Page last updated at 14:12 GMT, Wednesday, 18 June 2008 15:12 UK

Laptop stolen from doctor's home

The health records of nearly 11,000 patients are on a laptop stolen from the Wolverhampton home of a GP.

The doctor, who has not been named, works at the Castlecroft Medical Practice in the city.

The information was not encrypted to make it difficult to access, as health guidelines say it should be.

But a practice spokesman said the information was protected with a complex password system which would be difficult to crack.

Confidential records

The information on the laptop included names, dates of birth, addresses, contact details and confidential records.

The practice has written to all of its patients to inform them of the matter.

Senior partner Dr Peter Wagstaff said the practice was treating the matter seriously.

Police have warned that identity theft could now be an issue

"Though not encrypted, the confidential information on the laptop was protected by a complex password system, which only a person with specialist computer knowledge would be able to crack," he said.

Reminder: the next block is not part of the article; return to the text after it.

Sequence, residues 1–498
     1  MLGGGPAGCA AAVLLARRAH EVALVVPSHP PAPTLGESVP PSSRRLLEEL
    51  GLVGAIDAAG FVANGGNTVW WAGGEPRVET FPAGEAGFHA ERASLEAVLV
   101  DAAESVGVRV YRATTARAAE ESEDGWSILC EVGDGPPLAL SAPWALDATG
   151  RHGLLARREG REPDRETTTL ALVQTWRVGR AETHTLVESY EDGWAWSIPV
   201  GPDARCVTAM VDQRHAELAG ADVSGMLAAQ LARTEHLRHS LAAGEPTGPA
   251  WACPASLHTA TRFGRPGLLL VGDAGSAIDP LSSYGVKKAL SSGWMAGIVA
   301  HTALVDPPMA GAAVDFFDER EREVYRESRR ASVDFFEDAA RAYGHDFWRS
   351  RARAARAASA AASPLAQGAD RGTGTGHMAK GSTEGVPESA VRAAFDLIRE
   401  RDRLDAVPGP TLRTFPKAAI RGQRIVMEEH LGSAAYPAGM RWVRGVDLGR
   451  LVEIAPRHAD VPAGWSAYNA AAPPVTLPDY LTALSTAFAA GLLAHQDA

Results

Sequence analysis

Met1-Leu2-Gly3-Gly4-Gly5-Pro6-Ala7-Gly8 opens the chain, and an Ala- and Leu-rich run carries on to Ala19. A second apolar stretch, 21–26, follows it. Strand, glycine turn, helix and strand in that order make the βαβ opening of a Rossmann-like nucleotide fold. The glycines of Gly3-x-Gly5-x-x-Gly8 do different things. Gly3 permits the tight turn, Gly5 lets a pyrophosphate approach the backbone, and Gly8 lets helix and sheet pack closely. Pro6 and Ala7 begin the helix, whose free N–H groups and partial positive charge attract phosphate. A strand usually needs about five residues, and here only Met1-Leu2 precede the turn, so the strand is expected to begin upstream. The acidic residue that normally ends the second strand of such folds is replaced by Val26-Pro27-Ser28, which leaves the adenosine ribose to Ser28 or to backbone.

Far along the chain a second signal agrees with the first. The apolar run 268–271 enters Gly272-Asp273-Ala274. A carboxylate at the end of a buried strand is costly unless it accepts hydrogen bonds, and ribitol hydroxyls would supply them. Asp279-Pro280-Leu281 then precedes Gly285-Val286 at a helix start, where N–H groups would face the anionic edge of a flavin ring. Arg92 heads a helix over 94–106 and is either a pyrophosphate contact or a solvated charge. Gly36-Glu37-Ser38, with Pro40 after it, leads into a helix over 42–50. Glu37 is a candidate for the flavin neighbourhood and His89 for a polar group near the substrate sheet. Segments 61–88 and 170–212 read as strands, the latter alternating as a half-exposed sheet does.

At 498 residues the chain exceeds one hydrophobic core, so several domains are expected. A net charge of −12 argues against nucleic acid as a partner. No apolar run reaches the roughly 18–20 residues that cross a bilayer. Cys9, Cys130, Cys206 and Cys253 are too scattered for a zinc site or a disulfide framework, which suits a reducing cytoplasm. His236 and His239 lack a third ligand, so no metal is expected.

Department of Health guidelines state any confidential information about patients must be stored in safe and secure environments.

Jon Crockett, chief executive of Wolverhampton Primary Care Trust, said an investigation would be carried out but added that the doctor had been a victim of crime.




SEE ALSO
More MoD laptop thefts revealed
21 Jan 08 |  UK Politics
'No cover-up' on lost driver data
18 Dec 07 |  UK Politics



FEATURES, VIEWS, ANALYSIS
Has China's housing bubble burst?
How the world's oldest clove tree defied an empire
Why Royal Ballet principal Sergei Polunin quit

BBC iD

Sign in

BBC navigation

Copyright © 2017 BBC. The BBC is not responsible for the content of external sites. Read more.

This page is best viewed in an up-to-date web browser with style sheets (CSS) enabled. While you will be able to view the content of this page in your current browser, you will not be able to get the full visual experience. Please consider upgrading your browser software or enabling style sheets (CSS) if you are able to do so.

Americas Africa Europe Middle East South Asia Asia Pacific